Major U.S. business groups, citing internal frictions and uncertainty over the details of President Barack Obama’s 12-nation Pacific trade deal, are withholding their support for now, hobbling the administration’s early efforts to win congressional backing.
[by William Mauldin | October 8, 2015 | Wall Street Journal]
With big pharmaceutical companies and several other major industries disappointed by the Trans-Pacific Partnership, the broader business coalitions that have long backed the talks say they first must consult with their members.
Major groups now on the fence include the U.S. Chamber of Commerce, the National Association of Manufacturers and the Business Roundtable.
“The expectation is that this is something that we’re going to be able to support, but it would probably be good to get the details out and take a look at those,” said John Engler, the former Michigan governor who leads the Business Roundtable, which includes U.S. company chief executives.
After the deal was struck Monday in Atlanta, the administration immediately began briefing members of Congress and select industry and labor advisers who have agreed to confidentiality and can’t share the details with their members or the public. The latest text from Atlanta will soon be available to all members of Congress in a secure room in the Capitol, officials say.
Asked on the Marketplace radio show Tuesday when the text would be made public, Mr. Obama replied, “Soon.”
The U.S. Chamber of Commerce says it plans to “reserve judgment on the agreement pending review of the final text with our members.”
The administration released a report Wednesday showing exports from all 50 states with examples of tariffs that would fall under the deal. The AFL-CIO, a leading critic of the TPP, saw that information as “rose-colored, cherry-picked characterizations,” according to a tweet from Celeste Drake, a trade policy specialist at the labor federation.
A spokesman for U.S. trade representative Mike Froman said his office is “in the process of completing the text for public review and have begun releasing sector-by-sector and state-by-state details on the 18,000 tax cuts on U.S. exports in TPP.”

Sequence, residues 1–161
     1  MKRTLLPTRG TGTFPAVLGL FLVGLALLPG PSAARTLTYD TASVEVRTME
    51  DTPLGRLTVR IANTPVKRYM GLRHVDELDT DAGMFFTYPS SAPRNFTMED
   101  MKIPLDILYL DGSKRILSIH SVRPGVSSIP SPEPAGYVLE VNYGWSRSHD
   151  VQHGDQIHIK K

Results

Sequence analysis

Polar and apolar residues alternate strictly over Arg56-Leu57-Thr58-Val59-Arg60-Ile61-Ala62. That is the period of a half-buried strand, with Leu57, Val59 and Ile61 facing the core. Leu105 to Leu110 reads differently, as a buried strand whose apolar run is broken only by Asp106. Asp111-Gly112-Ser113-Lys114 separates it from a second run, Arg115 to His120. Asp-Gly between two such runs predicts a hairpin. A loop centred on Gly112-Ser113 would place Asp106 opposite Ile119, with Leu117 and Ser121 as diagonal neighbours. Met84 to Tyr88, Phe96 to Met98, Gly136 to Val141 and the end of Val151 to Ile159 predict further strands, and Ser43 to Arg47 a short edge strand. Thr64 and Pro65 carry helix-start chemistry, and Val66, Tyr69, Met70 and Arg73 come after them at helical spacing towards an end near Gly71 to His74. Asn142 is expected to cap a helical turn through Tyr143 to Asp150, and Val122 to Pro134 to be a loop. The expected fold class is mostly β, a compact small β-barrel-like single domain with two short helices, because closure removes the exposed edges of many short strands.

“People want to see the text, and I think when more details are out you’ll actually see a groundswell of support,” said Chris Padilla, a former U.S. trade official who is vice president of government and regulatory affairs at International Business Machines Corp. “The administration needs to do that very quickly because there is a window that’s open right now but it won’t be open much longer.”
Tech companies, Hollywood studios, transportation firms and some farm associations have backed the deal, but the calculus is more complicated for manufacturers that have to weigh shifting competitiveness in the 12-nation bloc, which includes Japan, Australia, Canada, Mexico and Vietnam.
“We don’t have access to any of the tariff information in any detail, in any of the manufacturing sectors that we all represent,” said Linda Dempsey, vice president of international economic affairs at the National Association of Manufacturers, which has some 250 board members and 14,000 members total.
For months, Democratic critics of the TPP have demanded more transparency, including publication of the negotiating text. But many companies and allied Republicans in Congress are now the ones pressing for more.
The fine print matters to key members of Congress, including Rep. Paul Ryan (R., Wis.), chairman of the House committee that oversees trade. “I am reserving judgment until I am able to review the final text and consult with my colleagues and my constituents,” said Mr. Ryan. Other top lawmakers also want more details before weighing in.
Democratic presidential front-runner Hillary Clinton said Wednesday that from what she knew so far, she wasn’t able to support the deal, showing the peril an early swell of opposition could pose for the administration.
While the TPP is complicated, other countries have released details, and Japan has published information on how it would affect tariffs and quotas in sensitive industries such as dairy, rice and cars. But most of the information is available only in Japanese.
—Mitsuru Obe contributed to this article.
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